Archive for April, 2013

Trinity Boston

Tuesday, April 16th, 2013

Incarnation has historic and current links with Trinity Church Boston, the great edifice seen in the background of some of the bombing video. The Rev. Phillips Brooks, the famous rector of Trinity often visited Incarnation, where his brother Arthur was rector in the late 19th century. In our church, we have a huge statue of Phillips, and the memorial to Arthur was designed by H.H. Richardson, the architect of Trinity Church; the stone in the memorial even looks like the exterior of Trinity.

In recent times, two members of Trinity regularly visit Incarnation as they have a pied-a-terre nearby; they were in church last Sunday. A third member of Trinity is active on the Board of Incarnation Center. And a fourth member wrote me only yesterday to get information on some of our programs.

All seven Marathon runners from the parish are safe. Our prayers and thought go out to members of Trinity and all citizens of Boston. —J. Douglas Ousley

Global Church

Monday, April 15th, 2013

I was preaching yesterday about discipleship and the Christian obligation to sacrifice personal gains in order to serve God. I contrasted our congregation’s relative lack of sacrifice with those made by Peter and the first disciples, who were martyred for their faith.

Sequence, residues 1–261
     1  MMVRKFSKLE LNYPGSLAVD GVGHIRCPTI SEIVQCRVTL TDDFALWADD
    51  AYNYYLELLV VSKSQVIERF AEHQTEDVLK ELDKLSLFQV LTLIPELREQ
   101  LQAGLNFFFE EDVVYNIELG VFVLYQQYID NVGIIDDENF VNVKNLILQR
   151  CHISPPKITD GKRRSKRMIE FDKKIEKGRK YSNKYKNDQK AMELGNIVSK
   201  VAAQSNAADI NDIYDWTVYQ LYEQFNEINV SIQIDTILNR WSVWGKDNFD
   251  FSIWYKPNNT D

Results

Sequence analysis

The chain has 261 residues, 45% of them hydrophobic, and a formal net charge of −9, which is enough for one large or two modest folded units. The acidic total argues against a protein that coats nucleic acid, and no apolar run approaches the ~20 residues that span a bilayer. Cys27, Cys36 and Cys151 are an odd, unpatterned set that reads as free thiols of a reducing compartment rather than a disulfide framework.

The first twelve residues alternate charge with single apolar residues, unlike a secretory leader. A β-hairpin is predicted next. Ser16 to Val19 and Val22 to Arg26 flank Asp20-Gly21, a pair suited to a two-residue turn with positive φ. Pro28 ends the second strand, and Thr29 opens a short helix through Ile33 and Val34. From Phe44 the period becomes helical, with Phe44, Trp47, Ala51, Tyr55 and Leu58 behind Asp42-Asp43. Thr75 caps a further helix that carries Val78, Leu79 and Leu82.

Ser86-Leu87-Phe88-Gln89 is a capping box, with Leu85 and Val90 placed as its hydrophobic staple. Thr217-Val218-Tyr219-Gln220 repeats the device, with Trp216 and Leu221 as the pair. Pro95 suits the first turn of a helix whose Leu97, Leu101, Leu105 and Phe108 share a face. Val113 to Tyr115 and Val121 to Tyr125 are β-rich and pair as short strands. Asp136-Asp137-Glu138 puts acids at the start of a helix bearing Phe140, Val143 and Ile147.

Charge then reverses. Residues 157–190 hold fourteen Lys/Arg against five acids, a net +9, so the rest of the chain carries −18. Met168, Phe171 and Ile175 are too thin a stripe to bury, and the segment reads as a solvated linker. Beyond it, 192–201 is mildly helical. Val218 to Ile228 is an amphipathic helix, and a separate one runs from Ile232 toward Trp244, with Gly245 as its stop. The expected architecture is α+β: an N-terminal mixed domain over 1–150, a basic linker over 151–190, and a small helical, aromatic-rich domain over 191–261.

I happened also to mention the Christians in Nigeria and Egypt today who were being persecuted by Muslim extremists. It turned out that there was a group of seven Egyptian Christians in church that morning. They were pleased to be recognized and couldn’t wait to tell me that they were members of the Coptic Church.

Small world, large Church. —J. Douglas Ousley

Clothes Make the Man

Wednesday, April 3rd, 2013

The Romans had a saying, Vestis virum facit: “Clothes make the man.”

Clergy have long been known for their distinctive dress, but rarely has so much attention has been devoted to our sartorial choices as in the case of Pope Francis. His disinclination to wear the papal “pallium” and satin shoes is not surprising, given that Francis was disinclined to wear the purple shirt of a bishop. This accords with the Pope’s simplicity that was noted in the previous post.

This practice also contrasts with the specially designed garments worn by the Archbishop of Canterbury at his enthronement, featuring three blue pastel fish biting each other’s tails. I suppose there is a reference to the Holy Trinity here, but one might find another message of clerical self-importance. —J. Douglas Ousley